187 F.2d 192 (D.C. Cir. 1950), 10471, Smith v. United States

Docket Nº:10471.
Citation:187 F.2d 192
Party Name:SMITH v. UNITED STATES.
Case Date:December 07, 1950
Court:United States Courts of Appeals, Court of Appeals for the District of Columbia Circuit
 
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Page 192

187 F.2d 192 (D.C. Cir. 1950)

SMITH

v.

UNITED STATES.

No. 10471.

United States Court of Appeals, District of Columbia Circuit.

December 7, 1950

Argued June 30, 1950.

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Paul A. Porter, Washington, D.C. (appointed by this Court), with whom G. Duane Vieth, Washington, D.C., was on the brief, for appellant.

Charles B. Murray, Asst. U.S. Atty., with whom Messrs. George Morris Fay, U.S. Atty., and Joseph M. Howard, Asst. U.S. Atty., were on the brief, for appellee.

Before WILBUR K. MILLER, FAHY, and WASHINGTON, Circuit Judges.

FAHY, Circuit Judge.

The appeal is by James M. Smith from a denial by the District Court of his motion filed pursuant to 28 U.S.C.A. 2255. 1 The motion was to vacate a judgment based upon his conviction in February, 1937, of second degree murder after trial by jury in

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the court below. He was sentenced to life imprisonment. During his trial he was represented by two attorneys and there was no appeal. 2 He does not complain of lack or inadequacy of counsel.

We treat his motion as including not only the paper so entitled but also the Statement of Facts submitted by counsel appointed to represent him on the motion and the Oral Statements of Factual Contentions made by his counsel on argument of the motion below, and reproduced in the Joint Appendix. The District Court held that the allegations of the motion, if proved, would not entitle appellant to relief under Sec. 2255 and accordingly denied the motion. 3 The allegations relied upon, as set forth by counsel appointed by this court to represent appellant on the appeal, are as follows: 4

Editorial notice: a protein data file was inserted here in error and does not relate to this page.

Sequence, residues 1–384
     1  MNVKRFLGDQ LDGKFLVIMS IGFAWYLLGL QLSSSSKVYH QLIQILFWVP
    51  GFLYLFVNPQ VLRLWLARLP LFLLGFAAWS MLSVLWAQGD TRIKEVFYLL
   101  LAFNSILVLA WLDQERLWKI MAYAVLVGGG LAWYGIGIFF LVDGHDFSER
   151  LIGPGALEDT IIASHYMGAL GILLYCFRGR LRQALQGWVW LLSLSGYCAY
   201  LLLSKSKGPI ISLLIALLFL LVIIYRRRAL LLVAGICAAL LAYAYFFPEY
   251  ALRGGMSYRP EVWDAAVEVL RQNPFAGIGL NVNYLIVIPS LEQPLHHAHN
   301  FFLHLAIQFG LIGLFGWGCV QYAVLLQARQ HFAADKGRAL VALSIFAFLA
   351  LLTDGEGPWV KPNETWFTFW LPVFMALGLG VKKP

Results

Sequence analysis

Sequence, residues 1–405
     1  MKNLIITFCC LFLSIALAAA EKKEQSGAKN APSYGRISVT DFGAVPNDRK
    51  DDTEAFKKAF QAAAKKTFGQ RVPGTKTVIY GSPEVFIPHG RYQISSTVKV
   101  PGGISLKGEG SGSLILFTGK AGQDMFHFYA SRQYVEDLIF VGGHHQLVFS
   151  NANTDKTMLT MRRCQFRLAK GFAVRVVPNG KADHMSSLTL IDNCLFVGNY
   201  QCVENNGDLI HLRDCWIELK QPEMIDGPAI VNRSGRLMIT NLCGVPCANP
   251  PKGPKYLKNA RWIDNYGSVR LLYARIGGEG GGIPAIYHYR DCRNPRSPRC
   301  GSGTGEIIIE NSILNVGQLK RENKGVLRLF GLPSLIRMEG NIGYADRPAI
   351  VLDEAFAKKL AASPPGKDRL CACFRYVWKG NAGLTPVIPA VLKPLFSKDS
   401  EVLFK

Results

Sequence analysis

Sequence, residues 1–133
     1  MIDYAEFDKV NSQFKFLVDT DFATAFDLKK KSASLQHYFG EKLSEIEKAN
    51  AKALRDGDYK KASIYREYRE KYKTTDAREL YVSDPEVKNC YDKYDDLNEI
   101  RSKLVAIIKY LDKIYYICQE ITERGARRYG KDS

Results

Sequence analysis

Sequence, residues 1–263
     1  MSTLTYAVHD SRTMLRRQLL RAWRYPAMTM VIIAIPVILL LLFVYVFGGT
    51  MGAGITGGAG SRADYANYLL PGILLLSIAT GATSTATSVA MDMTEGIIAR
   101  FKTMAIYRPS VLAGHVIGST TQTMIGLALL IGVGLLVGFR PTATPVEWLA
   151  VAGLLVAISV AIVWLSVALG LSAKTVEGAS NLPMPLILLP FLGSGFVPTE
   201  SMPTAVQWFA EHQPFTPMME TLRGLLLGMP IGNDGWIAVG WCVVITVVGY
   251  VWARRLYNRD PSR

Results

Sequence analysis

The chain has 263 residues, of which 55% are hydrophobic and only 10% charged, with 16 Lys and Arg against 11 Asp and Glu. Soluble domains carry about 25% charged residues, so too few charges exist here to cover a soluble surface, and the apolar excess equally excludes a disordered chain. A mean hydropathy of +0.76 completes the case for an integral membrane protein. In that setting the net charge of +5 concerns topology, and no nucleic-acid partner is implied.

' * * * Appellant, while a patient at Mt. Alto Hospital, was arrested by officers of the District of Columbia police on or about August 3, 1935, on a charge of bigamy. Appellant was taken to the Number 2 Precinct House and held there for a period of approximately thirteen days before being taken before a magistrate for arraignment. During this period of detention, appellant was questioned, primarily by Officer W. S. Beck, about a number of crimes, and in particular about the rape and murder for which he was subsequently convicted.

'Appellant was denied the right to communicate with friends or counsel during the period of his detention and was subjected to continuous questioning questioning and physical and psychological torture, coercion and duress in an attempt on the part of Beck and other officers to obtain a confession. Although appellant did not confess to the murder of Mrs. Dancy, Officer Beck testified against appellant in the murder trial with respect to his interrogation during appellant's detention. 5

'Also, during appellant's detention, Officer Beck forcibly applied black dye to appellant's gray hair, and subsequently presented appellant to witnesses for identification. These witnesses identified appellant and testified against him on the trial.'